Violence rages despite heavy
security in volatile zone
Story by MOSES MWATHI
12. March 2008
Police vehicles jam a dusty and bumpy path leading to Rumuruti
forest in Laikipia West District in the wake of renewed wave of
violence that has claimed more than 13 lives and left property
worth millions of shillings in ruins.
A sharp stench wafts in the air and dead bodies and clothing
litter the path. A few metres away fire is spreading fast across
five villages, consuming both household goods and creating a swath
Gunshots can be heard from a few kilometres away deep in the bush,
prompting some security officers to head to that direction.
Another contingent is dispatched to unblock the Nyahururu-Maralal
road near Gatundia, which women, children and older men have
barricaded, protesting at the soaring insecurity. Residents accuse
police of being of little help.
The ethnic violence, triggered off by the earlier lynching of a
suspected cattle thief, opened fresh wounds of hatred and
suspicion, precipitated by cattle rustling that has rocked the
area for decades.
The lynching added fuel to the brewing hatred between the farming
and pastoral communities. It took ruthless gangs from one
community 72 hours to prepare and wage a revenge attack in the wee
hours of the night.
The vicious raids, carried out simultaneously by more than 400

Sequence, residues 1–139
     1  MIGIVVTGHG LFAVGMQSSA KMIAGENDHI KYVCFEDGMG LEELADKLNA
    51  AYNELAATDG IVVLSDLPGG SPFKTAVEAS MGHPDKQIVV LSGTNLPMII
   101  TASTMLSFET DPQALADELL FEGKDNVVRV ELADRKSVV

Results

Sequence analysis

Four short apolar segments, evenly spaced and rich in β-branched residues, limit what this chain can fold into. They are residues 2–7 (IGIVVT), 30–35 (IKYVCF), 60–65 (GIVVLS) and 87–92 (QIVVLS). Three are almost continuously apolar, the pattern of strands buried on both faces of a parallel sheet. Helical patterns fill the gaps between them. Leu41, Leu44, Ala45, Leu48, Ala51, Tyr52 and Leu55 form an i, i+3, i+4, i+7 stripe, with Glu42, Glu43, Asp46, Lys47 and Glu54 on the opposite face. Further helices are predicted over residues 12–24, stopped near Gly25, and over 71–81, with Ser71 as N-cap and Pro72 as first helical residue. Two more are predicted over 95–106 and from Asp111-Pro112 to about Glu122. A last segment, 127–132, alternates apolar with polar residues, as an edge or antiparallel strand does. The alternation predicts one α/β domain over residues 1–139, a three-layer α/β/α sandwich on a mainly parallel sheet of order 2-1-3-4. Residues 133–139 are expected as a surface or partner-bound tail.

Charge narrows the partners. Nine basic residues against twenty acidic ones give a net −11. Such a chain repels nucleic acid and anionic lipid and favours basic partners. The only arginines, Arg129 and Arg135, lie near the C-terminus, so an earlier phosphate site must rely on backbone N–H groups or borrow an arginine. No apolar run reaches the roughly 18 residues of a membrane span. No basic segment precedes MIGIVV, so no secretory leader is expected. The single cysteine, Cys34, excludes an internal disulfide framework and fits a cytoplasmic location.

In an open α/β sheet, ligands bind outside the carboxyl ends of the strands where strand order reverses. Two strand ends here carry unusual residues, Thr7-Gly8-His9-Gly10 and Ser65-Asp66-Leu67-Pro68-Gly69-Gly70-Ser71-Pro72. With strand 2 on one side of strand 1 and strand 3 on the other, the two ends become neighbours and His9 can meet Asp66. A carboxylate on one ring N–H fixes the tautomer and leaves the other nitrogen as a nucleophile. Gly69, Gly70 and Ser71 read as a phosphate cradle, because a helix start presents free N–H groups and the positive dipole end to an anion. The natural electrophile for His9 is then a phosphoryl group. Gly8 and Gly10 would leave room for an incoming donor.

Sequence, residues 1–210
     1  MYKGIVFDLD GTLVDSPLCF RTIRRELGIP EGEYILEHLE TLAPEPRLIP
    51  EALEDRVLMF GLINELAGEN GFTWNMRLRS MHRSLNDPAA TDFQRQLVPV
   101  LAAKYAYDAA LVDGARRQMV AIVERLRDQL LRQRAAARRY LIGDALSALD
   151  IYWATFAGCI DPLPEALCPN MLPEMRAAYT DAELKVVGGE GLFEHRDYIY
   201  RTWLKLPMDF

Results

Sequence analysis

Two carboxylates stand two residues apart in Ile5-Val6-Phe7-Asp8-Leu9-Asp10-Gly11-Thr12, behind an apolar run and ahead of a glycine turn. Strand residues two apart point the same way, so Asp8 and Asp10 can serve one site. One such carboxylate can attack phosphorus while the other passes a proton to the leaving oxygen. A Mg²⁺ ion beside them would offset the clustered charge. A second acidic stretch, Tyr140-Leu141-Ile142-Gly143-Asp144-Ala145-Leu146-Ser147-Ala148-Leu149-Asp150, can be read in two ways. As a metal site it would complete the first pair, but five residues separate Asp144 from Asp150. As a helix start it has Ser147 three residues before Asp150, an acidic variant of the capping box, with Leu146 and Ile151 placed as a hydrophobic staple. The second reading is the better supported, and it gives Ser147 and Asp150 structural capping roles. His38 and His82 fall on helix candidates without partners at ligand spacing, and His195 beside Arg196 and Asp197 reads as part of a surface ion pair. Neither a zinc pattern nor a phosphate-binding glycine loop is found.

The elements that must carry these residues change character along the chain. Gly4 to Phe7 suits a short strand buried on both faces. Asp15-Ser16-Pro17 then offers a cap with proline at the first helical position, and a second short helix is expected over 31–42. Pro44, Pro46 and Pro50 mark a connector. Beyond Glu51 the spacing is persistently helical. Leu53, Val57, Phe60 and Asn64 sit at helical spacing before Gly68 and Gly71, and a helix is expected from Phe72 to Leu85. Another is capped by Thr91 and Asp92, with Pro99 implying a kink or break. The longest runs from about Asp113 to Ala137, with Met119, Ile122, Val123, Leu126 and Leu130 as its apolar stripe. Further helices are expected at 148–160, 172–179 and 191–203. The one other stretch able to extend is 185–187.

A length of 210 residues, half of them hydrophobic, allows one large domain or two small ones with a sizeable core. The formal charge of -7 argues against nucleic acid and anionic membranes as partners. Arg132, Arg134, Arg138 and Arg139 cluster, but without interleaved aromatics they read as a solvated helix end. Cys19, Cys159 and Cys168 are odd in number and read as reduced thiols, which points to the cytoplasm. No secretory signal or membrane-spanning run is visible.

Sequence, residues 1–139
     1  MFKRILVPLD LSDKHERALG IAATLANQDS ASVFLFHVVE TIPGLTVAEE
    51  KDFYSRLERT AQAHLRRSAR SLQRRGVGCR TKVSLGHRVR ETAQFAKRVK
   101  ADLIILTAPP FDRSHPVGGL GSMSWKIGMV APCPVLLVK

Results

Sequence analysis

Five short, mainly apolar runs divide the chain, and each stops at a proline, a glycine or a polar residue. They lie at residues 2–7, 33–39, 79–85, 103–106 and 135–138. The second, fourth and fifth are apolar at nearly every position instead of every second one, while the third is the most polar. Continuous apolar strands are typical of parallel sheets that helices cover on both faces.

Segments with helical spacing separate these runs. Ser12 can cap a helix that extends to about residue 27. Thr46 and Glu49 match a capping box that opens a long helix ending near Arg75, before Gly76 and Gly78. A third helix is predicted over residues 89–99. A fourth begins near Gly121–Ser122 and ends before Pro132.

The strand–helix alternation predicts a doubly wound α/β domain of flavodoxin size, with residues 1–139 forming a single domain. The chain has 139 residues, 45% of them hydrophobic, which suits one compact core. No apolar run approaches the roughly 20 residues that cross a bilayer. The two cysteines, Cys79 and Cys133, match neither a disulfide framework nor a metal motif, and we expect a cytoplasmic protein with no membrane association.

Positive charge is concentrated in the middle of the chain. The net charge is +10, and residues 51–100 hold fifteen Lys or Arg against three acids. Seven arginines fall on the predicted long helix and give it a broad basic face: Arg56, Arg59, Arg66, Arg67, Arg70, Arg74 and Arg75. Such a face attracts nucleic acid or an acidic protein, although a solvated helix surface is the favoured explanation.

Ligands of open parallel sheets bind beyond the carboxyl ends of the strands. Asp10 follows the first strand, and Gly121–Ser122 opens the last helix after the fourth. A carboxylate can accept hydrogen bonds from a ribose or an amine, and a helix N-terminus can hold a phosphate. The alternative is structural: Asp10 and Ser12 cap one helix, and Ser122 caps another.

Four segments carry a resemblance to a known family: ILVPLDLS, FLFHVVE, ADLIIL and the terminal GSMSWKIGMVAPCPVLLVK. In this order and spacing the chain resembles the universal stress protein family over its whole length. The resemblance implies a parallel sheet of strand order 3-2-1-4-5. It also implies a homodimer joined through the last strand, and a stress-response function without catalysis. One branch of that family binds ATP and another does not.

gunmen, left a trail of deaths, injuries and destruction and led
to a bloody clash the following day.
The attacks in Gatundia, Ndagara, Magomano, Mutamaiyu, Muguongo,
Munyu, Oranyiro and Murichu villages, left six people dead and 200
houses burnt. Eight primary schools - Murichu, Oranyiro, Kinite,
Gathui, Muguongo, Ndagara, Melwa and Lolanyiro - have been closed
Youths quickly assembled and plotted to pursue the raiders, who
split into two groups and headed toward northern and southern
parts of vast Laikipia plains.
At Nyahururu district hospital mortuary, six bodies were received
while the injured were admitted to the wards and others to
Rumuruti sub-district hospital.
At Muguongo, a pregnant woman was shot dead after she declined to
disclose the whereabouts of her husband, who the bandits accused
of being involved in the killing of their accomplice.
Her one-year-old son was knocked down with a blunt object and was
admitted to Rumuruti hospital.
“They killed about seven people in the dawn attack. They also
stole phones and personal effects. This time, they did not take
away cows,” said Mr David Thumbi, a local elder.
Still, worse was to come. The raiders shot dead four youths, who
were in a group of 600 armed with arrows and spears. Ten youths
were seriously wounded and taken to hospital.
The youths, in a self defence, retreated but police went further
“I saw them and they brandished sophisticated guns that do not
resemble those of local police officers,” said Mwangi Nderu, one
of the youths.
Last Friday morning, the raiders struck again at Mutamaiyu village,
killing three people and stole 40 head of cattle. The residents
believe the attack was aimed at eliminating influential figures.